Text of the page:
I remember it was cold that night. I had taken care to wear a woolen cloak even when inside. The cellars were typically frigid, but the icy temperature very rarely caused my teeth to chatter. Perhaps I was used to it.

Life and I have never been on the best of terms, you see. I find that, were it not for the saving grace that I shall discuss later on, I would rejoice in death. It may seem unfathomable but on that day, several years ago, I was actually worse off than I am now. And that is saying something.

I was dead in most senses of the word. My heart was beating, of course, but seemed to be so black and shriveled that it hardly mattered. I was younger man of, oh, thirty-something...but I had lived a thousand years.

Those first few years at the opera are one long, indecipherable blur of numbness. The final days in Persia left me a monster incapable of feeling. I wanted to forget, to simply dissolve within the shadows of the cellar, every trace of my existence gone. Even music ceased to exist. I simply sat, hardly sleeping lest nightmares arouse my fearsome personality. Yes, this was me: absolutely and irrevocably dead.

At least, that is what I thought.

The first time I saw her, I thought little of it. She was a gawkish little thing of no more than fifteen, very pretty, but painfully shy. I watched absentmindedly from my seat in Box Five as she took her place in the very back of the chorus and sang along quietly, looking at the floor all the while. She was quickly forgotten.

Then came the night that proved to be my resurrection. It was very late, perhaps one in the morning or so, and I was strolling through the deserted theatre, my mind dormant as per usual. After half an hour of mindlessly meandering through the rows of plush velvet seats, I settled in the comfortable shadows of the orchestra pit, reminding myself to drop the managers a note about the dreadfully loose floorboards.

And then I heard it...the Ave Maria.

It was an ethereal soubrette soprano that soared through the empty auditorium on angels' wings. I remember actually sighing in ecstasy and closing my eyes, so lovely was the sound. It wrapped itself around me and carried me to the heavens, and I was lost to its grace. Never had I felt so alive, so vibrant!

And yet, there were flaws: a flat note here, a hasty gasp for air there, hesitant vibrato and several wavering high notes. Worst of all, there was no passion, no sense of motivation, no feeling. The voice sang, and that was it. It forcefully reminded me of myself.

But it was an incredible instrument, and I could not even imagine what it would sound like with proper training. Unlike anything mere mortals would ever hear, I thought.

Cautiously and with a boyish, burning curiosity, I peered over the stage to see just exactly who was the source of such a voice. Imagine my surprise when I caught sight of the awkward little chorus girl standing upon the stage! A billowy white nightgown was draped over her lanky frame, and she wore nothing but stockings upon her feet. A mane of wild brunette curls fell to the middle of her back and bounced as she moved. She was nearly as pale as her dress.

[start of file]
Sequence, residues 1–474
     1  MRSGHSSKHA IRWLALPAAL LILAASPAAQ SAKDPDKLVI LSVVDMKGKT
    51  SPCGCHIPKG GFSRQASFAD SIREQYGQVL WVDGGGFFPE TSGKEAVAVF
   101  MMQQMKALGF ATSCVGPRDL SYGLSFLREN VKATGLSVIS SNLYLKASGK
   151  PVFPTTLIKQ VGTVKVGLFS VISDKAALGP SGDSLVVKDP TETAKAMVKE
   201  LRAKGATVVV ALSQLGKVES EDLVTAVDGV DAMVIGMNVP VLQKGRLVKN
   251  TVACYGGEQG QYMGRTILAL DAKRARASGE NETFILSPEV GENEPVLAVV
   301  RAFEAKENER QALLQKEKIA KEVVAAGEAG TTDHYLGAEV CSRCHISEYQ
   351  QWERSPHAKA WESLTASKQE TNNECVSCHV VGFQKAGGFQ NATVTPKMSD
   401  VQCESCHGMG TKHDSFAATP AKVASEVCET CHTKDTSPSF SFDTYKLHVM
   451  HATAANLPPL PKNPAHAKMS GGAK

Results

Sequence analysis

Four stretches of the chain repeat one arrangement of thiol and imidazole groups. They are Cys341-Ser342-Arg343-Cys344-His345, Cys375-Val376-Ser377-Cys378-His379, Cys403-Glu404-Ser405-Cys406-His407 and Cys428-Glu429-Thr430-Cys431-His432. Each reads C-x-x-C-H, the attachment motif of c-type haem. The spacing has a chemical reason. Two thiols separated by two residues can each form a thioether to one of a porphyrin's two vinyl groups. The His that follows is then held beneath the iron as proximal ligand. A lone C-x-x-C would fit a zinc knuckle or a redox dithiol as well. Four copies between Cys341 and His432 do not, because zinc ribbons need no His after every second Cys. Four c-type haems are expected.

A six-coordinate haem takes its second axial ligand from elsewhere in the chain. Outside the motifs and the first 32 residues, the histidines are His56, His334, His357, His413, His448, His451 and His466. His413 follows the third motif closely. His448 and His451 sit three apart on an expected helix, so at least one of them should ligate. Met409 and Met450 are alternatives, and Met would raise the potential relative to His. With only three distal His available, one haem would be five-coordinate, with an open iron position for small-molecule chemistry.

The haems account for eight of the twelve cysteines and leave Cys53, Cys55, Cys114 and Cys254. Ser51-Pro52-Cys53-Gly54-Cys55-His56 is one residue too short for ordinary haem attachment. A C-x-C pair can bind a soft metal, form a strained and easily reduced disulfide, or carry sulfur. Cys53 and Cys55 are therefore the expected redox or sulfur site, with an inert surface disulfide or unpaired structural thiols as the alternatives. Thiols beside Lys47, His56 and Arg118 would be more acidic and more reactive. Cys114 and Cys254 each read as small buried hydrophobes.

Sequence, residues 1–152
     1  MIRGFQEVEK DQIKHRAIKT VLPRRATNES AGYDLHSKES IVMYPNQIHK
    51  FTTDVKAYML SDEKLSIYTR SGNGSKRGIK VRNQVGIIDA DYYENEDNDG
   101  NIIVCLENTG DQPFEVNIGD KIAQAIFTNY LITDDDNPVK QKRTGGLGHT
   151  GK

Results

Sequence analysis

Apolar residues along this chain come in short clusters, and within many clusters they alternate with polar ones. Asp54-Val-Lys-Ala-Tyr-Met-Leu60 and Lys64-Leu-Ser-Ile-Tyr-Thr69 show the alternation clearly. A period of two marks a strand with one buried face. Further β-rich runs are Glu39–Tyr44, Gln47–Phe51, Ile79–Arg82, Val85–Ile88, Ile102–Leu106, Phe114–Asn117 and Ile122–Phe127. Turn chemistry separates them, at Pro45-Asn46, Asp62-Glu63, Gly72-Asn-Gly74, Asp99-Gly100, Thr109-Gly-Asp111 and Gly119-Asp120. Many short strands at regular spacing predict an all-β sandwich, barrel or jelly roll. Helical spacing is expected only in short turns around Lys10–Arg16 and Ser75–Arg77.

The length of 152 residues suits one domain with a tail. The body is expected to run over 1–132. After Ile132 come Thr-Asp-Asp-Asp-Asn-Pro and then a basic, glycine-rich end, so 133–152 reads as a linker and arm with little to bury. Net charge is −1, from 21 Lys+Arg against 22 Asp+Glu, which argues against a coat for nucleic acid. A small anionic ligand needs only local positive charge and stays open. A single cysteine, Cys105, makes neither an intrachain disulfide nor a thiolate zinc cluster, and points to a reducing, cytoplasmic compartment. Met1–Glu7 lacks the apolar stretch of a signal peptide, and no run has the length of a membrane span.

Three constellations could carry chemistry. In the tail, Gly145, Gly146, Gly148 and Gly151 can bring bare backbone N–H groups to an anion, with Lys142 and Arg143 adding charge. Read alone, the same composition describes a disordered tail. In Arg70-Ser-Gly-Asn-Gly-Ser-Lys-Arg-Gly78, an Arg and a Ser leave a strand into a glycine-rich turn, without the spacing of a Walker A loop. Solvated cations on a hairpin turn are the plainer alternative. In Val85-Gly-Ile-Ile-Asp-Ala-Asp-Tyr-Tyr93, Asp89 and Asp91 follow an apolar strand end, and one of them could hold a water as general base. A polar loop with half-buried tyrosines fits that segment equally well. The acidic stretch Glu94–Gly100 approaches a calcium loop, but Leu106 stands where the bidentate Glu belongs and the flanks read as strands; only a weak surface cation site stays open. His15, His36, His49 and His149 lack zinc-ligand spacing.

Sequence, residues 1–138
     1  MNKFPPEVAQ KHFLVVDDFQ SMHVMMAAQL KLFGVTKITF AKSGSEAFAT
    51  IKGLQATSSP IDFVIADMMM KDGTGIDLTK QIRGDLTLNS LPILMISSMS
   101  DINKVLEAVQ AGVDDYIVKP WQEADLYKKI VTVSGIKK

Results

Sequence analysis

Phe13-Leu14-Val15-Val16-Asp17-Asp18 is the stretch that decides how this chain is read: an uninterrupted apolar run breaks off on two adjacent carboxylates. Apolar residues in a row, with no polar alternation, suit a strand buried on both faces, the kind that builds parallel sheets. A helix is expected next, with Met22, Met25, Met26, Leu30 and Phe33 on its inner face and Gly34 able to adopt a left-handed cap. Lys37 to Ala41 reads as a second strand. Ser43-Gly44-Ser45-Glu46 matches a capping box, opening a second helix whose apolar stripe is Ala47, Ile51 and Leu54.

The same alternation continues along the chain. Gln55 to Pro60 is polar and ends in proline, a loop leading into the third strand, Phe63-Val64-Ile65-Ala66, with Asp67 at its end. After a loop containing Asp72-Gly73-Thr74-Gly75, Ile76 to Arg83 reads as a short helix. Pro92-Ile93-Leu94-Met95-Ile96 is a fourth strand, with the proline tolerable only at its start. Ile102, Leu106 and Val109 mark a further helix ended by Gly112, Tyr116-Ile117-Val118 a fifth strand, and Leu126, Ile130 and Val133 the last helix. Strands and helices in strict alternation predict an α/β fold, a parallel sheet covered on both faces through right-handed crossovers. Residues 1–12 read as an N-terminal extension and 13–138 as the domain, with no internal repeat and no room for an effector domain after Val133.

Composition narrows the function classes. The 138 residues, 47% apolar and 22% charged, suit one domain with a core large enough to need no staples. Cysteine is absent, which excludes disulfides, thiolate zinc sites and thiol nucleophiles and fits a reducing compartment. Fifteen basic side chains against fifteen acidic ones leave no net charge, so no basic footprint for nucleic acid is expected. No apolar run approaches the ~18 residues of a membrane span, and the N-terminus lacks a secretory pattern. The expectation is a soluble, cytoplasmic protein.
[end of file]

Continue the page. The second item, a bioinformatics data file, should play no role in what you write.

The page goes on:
Something about her enormous hazel eyes haunted me. They were ringed with dark circles and held a heartbreaking sadness.

For the next hour (it could have been longer; I had completely lost sense of time) I watched and listened. Every once and a while I would wince at a discordant note, or frown as she attempted to soar above her range and failed miserably. Most disturbing was that complete lack of soul in her voice, the utter numbness it seemed to evoke. How could someone with such a divine gift sound so utterly lifeless?

But for all her pitiable shortcomings, she was a joy to watch. Every once and a while, she would abandon her shy facade and play the diva, twisting her face into a contemptuous sneer and prancing about the stage pompously. Her nose would tilt in the air, and she would leap across the enormous expanse of stage, landing gracefully and twirling to a stop. I laughed for the first time in God knew when as she put on a false Italian accent and ordered make-believe managers about, complaining all the while that she was "much-a too fat to fit into-a mah costume!"

Apparently I wasn't the only one who detested La Carlotta, the company's dreadful prima donna.

Her singing was devoid of emotion, but by no accounts was she. There was one point when she stopped in the middle of a lovely Swedish folk tune and began to quietly weep. I had been caught up in the lilting melody, mentally composing harmonies when her silence startled me. She was furiously wiping away her tears, very nearly scolding herself for daring to cry.

"You stupid, useless girl," I heard her say to herself angrily, "Papa is gone. He is gone, and he isn't coming back. You're alone, so you might as well bite your lip and get used to it!"

That comment just about undid me. I remembered seeing her in the chorus, positioned at the very back and looking like she wished to disappear forever. How could she not know what immense talent she possessed? Did she not see the enormous potential in her voice? Did she not consider, even for the briefest of moments, that with proper training she could one day capture the hearts of Paris with her siren song?

It was at that very second that I refused to let that marvelous instrument out of my sight. I could not sit by and idly watch it fade away. I would mold it into something divine, something that would make the angels themselves green with envy. I did not know how, but I would show her that she was not alone, that there was someone-or more appropriate, something-out there who cared for her, who would not let her whither away as he once had.

This girl had awakened something in me more powerful and terrible than I could have ever imagined: the will to live again.